Many studies have examined possible links between vaccination and increased prevalence of autism. This research has paid particular attention to the measles-mumps-rubella (MMR) vaccine, vaccines containing thimerosal and the total number of vaccines administered during early childhood or any one doctor’s visit. These studies have not found a link between vaccines and autism.
Thomson Reuters Research Analytics has rated EU-AIMS – the autism research program of the European Innovative Medicines Initiative (IMI) – as the initiative’s best-performing area. The rating is based on the number and quality of scientific papers coming out of the program.
(NEW HAVEN, CT.) September 13, 2014 - The New England Chapter of Autism Speaks, together with the the Center for Translational Developmental Neuroscience at Yale, hosted an autism science conference. The meeting brought together scientists, parents, adults with autism and professionals who work with people with autism for a day of learning about autism science.
A new review of research suggests that a small brain region largely known for coordinating movement could play the largest nongenetic role in autism’s development.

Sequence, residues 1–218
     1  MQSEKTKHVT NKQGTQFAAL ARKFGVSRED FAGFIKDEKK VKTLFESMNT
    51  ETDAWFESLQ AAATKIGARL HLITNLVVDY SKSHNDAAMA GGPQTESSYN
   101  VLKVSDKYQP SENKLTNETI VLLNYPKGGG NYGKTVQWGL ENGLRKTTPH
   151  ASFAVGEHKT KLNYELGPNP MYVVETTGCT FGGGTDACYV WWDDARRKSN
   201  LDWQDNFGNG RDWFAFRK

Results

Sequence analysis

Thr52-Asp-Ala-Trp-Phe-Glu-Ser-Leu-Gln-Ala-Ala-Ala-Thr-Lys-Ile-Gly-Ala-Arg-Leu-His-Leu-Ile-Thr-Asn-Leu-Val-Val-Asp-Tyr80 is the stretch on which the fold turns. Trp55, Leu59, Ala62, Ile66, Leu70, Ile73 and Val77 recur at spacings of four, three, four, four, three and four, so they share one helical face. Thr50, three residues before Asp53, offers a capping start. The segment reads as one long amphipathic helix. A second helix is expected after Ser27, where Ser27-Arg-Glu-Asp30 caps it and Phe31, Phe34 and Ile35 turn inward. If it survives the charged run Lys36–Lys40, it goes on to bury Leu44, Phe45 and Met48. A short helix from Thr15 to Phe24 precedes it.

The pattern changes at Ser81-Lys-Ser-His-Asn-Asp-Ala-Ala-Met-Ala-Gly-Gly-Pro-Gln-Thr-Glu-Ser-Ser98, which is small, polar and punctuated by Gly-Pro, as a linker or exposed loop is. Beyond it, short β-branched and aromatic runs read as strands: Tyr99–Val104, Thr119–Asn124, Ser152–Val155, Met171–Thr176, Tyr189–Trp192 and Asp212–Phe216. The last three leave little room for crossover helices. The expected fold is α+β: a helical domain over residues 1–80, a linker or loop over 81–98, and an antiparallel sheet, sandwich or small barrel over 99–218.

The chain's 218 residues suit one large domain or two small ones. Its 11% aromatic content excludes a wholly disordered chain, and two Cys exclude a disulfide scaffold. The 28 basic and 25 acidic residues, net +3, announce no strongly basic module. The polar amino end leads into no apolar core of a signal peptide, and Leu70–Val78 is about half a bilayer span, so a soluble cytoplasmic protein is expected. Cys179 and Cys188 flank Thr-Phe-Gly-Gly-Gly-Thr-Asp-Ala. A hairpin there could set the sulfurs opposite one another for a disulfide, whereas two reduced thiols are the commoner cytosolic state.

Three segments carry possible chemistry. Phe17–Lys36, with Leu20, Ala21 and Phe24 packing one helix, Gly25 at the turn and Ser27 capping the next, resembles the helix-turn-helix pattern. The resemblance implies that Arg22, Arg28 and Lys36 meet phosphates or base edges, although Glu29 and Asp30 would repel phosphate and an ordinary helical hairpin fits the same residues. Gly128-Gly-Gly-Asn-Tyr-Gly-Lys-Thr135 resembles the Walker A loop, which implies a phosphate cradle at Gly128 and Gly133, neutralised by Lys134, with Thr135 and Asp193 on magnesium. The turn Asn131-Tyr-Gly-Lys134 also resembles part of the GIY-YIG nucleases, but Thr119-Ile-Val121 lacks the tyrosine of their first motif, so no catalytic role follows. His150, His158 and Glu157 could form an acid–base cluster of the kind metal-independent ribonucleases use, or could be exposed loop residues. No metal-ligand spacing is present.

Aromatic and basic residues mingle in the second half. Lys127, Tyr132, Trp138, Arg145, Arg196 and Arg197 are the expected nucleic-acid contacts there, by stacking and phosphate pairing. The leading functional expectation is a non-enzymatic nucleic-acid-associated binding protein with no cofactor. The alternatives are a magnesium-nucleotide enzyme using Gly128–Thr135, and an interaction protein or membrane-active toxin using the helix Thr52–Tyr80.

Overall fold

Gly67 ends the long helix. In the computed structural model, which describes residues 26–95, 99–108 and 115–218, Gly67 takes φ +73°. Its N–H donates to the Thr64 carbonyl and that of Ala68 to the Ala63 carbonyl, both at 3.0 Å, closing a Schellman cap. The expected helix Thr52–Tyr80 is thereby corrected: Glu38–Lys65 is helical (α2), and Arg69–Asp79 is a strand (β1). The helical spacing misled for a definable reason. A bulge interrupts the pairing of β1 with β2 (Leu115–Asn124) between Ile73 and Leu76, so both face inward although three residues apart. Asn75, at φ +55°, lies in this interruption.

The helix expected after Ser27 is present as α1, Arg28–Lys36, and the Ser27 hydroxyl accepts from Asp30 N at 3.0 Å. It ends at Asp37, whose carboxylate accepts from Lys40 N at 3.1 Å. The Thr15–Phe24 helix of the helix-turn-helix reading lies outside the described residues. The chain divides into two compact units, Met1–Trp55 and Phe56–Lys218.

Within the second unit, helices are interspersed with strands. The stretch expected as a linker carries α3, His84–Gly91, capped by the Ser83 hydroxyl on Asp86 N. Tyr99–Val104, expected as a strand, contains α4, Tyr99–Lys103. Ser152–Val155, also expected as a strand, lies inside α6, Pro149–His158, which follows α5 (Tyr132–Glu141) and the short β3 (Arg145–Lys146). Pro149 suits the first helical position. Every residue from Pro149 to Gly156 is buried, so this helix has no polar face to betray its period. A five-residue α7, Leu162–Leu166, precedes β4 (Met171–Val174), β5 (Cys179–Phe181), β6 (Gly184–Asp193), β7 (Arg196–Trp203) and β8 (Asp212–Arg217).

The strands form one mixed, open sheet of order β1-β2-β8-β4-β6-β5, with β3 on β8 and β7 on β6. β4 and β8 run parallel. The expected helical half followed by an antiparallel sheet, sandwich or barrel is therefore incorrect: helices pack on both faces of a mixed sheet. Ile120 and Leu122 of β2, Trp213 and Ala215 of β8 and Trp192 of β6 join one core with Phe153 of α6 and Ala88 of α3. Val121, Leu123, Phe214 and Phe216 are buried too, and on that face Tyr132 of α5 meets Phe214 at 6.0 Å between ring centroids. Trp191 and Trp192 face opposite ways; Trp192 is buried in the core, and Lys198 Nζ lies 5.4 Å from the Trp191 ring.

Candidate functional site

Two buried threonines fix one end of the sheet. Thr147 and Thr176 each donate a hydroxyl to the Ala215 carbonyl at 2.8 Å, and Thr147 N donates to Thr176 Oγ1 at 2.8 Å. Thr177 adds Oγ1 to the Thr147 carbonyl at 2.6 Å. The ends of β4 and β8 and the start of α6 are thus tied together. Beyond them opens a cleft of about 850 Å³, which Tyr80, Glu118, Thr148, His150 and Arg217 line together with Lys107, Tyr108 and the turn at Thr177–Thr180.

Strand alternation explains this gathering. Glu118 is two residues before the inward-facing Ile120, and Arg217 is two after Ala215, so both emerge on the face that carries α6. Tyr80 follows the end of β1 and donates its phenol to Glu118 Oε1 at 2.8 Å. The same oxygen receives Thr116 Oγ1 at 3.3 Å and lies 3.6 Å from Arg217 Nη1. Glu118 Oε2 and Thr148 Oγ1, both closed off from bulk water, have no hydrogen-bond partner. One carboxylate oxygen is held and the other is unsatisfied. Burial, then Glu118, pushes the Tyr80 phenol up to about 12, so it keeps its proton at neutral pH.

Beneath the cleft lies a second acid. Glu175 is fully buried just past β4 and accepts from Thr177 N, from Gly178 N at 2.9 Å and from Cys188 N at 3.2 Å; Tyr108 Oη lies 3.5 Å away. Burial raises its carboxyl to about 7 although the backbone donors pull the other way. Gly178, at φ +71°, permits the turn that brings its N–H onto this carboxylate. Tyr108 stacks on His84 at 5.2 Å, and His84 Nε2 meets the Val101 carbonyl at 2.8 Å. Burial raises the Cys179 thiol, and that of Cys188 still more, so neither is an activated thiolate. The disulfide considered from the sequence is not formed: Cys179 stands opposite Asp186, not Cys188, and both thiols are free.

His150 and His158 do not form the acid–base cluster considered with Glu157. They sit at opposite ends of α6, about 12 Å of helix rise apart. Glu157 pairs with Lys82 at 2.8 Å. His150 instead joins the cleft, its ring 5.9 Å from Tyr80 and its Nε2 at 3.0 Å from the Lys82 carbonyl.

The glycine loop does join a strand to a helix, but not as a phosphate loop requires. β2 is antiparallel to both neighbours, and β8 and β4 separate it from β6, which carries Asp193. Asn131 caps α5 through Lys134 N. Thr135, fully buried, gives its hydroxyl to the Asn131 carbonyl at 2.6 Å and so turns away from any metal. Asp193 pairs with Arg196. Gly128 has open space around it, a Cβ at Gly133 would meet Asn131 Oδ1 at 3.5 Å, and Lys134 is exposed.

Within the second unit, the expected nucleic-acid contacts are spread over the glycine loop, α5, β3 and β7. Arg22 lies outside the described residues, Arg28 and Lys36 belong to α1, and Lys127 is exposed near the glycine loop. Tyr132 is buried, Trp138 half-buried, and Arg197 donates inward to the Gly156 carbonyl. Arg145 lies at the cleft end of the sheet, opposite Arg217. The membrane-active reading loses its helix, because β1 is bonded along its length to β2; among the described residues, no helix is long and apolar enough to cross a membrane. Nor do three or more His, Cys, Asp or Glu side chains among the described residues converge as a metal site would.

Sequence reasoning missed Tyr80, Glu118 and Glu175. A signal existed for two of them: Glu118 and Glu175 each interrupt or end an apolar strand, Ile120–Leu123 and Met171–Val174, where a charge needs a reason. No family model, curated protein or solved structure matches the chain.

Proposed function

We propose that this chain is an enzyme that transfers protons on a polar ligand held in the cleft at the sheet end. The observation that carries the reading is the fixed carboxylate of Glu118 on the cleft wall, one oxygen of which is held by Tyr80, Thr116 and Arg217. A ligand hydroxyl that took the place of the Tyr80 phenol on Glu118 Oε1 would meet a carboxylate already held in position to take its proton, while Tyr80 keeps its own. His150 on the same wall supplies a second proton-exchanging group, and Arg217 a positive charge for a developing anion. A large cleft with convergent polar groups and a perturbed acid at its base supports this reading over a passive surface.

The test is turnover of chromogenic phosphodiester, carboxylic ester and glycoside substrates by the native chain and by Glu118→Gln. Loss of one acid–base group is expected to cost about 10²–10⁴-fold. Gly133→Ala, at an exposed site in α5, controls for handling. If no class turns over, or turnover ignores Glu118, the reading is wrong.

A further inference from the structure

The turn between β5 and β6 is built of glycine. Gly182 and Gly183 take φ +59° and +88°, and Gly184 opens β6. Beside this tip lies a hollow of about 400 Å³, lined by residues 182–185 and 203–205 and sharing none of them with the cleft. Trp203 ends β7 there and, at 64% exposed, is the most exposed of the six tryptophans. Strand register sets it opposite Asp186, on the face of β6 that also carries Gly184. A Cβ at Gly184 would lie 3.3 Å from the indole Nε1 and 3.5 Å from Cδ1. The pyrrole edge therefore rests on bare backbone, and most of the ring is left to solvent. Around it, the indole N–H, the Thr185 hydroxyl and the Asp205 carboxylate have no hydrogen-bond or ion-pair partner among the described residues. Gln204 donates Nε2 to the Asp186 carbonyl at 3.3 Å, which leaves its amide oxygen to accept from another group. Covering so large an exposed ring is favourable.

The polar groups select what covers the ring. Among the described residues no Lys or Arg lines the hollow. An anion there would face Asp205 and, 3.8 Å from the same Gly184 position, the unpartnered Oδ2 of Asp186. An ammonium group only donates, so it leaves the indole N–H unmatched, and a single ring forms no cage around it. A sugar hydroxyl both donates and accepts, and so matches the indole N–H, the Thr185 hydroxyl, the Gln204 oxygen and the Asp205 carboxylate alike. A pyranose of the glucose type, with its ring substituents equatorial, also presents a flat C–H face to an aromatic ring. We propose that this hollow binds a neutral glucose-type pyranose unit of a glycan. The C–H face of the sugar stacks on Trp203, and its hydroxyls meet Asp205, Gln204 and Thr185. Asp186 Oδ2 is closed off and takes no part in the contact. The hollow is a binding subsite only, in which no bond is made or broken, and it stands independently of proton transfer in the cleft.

A team of Princeton neuroscientists present their idea – based on a new interpretation of extensive autism research – in the journal Neuron.
In a small pilot study, parents learned and delivered a treatment that significantly reduced autism symptoms in babies who had shown warning signs for the disorder.
(August 28, 2014) - Germany’s Fraunhofer Institute is working on bringing facial recognition to Google Glass. Researchers are working on creating an app for the wearable electronic device that allows users to identify a person(s)’s level of emotion. It also estimates gender and age.